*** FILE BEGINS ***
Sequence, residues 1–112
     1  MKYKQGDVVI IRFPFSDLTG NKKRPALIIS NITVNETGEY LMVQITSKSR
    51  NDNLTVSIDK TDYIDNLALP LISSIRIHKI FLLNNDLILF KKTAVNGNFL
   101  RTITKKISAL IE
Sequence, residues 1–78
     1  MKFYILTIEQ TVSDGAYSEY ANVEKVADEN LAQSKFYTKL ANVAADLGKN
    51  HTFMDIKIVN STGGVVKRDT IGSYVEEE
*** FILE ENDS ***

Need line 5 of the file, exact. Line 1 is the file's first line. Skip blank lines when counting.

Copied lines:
Sequence, residues 1–78